” Oil peaked during the Civil War due to supply shortages and then was pummeled off and on for 27 years by new oil discoveries.”

    oh yeah, and how have those discoveries been going lately?

  9. rockman on Wed, 1st Mar 2017 3:10 pm 

    Twocats – “When I was buying diesel at 4,000 gallons a pop, we would receive daily quotes from local fuel companies that would adjust their prices very closely to crude price jumps.” No, they weren’t because they had no idea what oil was selling for that day. The price moves they were looking at were in the futures market. You were buying products from retailers. I sell oil to oil buyers who sell to refineries. The price I’ll get for my oil has no relationship to what future prices are this month. My contract does have a partial component of futures prices. But not those prices this month or even last month. That price factors in closing future 2 to 3 months past depending on which long term sales contract I’m looking at.

    Not sure about your supplier. It may have buying out of the spot market. Those trades are obviously directly related to the futures market since it is directly linked.

    The refinery that produced the diesel you bought in December bought the oil it came from in Oct or Dec. And paid a price that was affected to just a partial degree by what oil futures probably closed at during Aug or Sept.

    IOW the volatility of the diesel price you dealt with had nothing to do with the price refineries paid for the source oil.

    In fact the price volatility you were dealing with may have had nothing to do with physical oil prices and everything to do with the DIESEL FUTURES MARKET. You did know it existed, right? And that market is directly affected by the WTI futures market:

    Notice it’s not a direct comparison: the price difference between WTI futures and diesel futures late in the day on 11 Dec was $0.90/gal. And just 4 days later on 15 Dec is dropped to $0.30/gal. So yes: if your diesel supplier was buying wholesale from the spot market (or had a long term purchase contract tied to spot prices) his quotes to you could swing wildly from hour to hour. And that would have nothing to do with what oil producers were getting paid for the oil they sold that December.

    Which also explains why the retail sales prices of refinery products this month hold no interest to the Rockman because they have no impact on what he gets paid for his oil this month.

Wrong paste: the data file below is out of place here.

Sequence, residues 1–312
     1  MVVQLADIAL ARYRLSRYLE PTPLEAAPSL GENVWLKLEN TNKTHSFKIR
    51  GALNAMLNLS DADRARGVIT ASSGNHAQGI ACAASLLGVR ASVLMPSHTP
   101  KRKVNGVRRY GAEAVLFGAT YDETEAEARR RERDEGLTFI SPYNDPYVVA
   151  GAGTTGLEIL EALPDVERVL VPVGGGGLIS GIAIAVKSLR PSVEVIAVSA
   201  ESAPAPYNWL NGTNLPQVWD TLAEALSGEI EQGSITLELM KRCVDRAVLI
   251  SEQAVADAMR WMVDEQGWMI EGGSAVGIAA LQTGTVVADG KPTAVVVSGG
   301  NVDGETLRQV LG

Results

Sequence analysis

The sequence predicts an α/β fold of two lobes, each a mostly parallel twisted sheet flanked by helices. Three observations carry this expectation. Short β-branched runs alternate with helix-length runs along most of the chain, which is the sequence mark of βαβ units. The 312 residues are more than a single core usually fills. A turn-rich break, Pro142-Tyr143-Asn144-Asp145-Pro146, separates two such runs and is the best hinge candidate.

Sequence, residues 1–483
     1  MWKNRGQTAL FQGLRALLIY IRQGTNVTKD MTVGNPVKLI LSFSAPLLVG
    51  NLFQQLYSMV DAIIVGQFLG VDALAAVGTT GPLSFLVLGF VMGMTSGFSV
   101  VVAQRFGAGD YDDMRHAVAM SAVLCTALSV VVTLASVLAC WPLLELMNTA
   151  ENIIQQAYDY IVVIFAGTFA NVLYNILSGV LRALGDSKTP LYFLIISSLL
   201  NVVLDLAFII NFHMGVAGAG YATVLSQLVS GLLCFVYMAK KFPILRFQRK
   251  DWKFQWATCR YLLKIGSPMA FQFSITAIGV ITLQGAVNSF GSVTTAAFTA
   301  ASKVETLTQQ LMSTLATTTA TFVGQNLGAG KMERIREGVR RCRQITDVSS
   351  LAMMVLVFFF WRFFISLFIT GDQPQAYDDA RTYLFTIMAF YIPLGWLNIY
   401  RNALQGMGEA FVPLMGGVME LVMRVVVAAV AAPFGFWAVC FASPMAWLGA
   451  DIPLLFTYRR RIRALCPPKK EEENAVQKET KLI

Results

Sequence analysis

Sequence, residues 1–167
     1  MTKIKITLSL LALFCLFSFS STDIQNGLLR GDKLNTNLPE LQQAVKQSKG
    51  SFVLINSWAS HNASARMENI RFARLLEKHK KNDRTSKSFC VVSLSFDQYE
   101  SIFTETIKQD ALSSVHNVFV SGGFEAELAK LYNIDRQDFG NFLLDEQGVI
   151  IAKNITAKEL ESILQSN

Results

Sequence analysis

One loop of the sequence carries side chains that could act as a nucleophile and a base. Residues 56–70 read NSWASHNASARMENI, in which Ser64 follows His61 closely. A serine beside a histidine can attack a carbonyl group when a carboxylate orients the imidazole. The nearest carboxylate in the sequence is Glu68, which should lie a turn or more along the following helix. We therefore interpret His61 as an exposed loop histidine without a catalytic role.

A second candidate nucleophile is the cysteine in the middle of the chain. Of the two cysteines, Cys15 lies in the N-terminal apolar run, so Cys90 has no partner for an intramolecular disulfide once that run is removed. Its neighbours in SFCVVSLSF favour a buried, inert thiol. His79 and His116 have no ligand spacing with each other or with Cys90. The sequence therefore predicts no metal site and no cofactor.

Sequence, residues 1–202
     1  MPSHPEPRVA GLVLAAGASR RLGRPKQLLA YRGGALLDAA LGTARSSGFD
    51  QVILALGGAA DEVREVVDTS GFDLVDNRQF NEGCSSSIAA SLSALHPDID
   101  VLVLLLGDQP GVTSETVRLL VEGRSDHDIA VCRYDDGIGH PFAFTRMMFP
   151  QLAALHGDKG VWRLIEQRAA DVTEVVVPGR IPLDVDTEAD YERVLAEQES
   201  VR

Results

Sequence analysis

10. rockman on Wed, 1st Mar 2017 3:34 pm 

    “Not sure why you bring Berman into a discussion of the linkage of spot and futures prices.” The discussion is about the long term effect of a lower oil price…such as $20/bbl. And towards that end the important take away from Art’s report is that:

    “Over the past two years, output {from the Bakken} has fallen 285,000 b/d (23%).”

    An EIA number.

    And that was at oil prices significantly above $20/bbl. As far as the newer wells being better produces: that hasn’t stopped the declining slope of Bakken production, has it? And how much oil the Bakken is producing is the critical metric…not how much new wells come on at since those better rates rates aren’t stopping the declining rate from the play.

    So I’ll toss out the same old worn out line: the solution to low oil prices is low oil prices. Especially at $20/bbl. LOL.

  11. Nony on Wed, 1st Mar 2017 3:44 pm 

    The price of spot and futures are closely correlated. Both prices will react to events. And are forward looking. IOW, if there will be a future addition or subtraction of demand or supply and market knows it, the prices will adjust for it, with a small difference based on transport and storage costs. This is oil trading 101.

    Retail prices will also react quickly to the price of crude. Even if the gasoline was made a month earlier, when crude was at a wildly different price, the retail price for the product will still adjust based on the new price of crude. Because it is also forward looking. The most recent example is the large rapid price plunge of crude in 2008. This is fuel marketing 101.

    The Berman story is STILL unrelated to the correlation of prompt and spot (which in fact ARE closely related). And his story does not pertain to $20 oil, since the average price last year was in the 40s. And his article is, even for him, a bad one. E.g. he makes false assertions about worse wells by generation in the Bakken, which are easily disproved by public information (and even by peak oil adherents and shale critics). But if your point is that people produce less oil when the price is lower, well, duh. And that still doesn’t relate to the correlation of spot and prompt.

    How about getting Rockdoc out here? I like him more.

  12. twocats on Wed, 1st Mar 2017 7:39 pm 

    Rockman – i agree with most of your rebuttal. it definitely isn’t a one-to-one relationship up and down the chain of purchasers, futures, etc. and i was very downstream, like you said, on the spot market. but just trying to say they may be different parts of a universe but there are some connections. either way, the article is absurd it seems from any angle in the universe. oil ain’t going down to $20 for very long ever again. thanks for your contributions.

  13. Boat on Wed, 1st Mar 2017 7:40 pm 

    If you pay attention to the drilling productivity reports the individual well average has been steadily going up the last 3 years. The first year and final totals are up dramatically. Canada has also seen the same types of production. The answers seem to come from increased sand, water and perforations. The learning curve continues.

  14. Boat on Wed, 1st Mar 2017 7:52 pm 

    Two cats,

    Let’s say Lybia and Nigeria found peace. They could easily add 1.5 to the market in a relativily short amount of time. If OPEC/Russia decided to retake market share you could end with close to a 3 Mbpd glut forcing prices back down. Never say never.

  15. GregT on Wed, 1st Mar 2017 8:52 pm 


    The Oil Glut™ has been going on for a year and a half, yet prices are still close to twice what they were prior to the run up leading to the financial crisis of ’08.

    Why do you think that would be?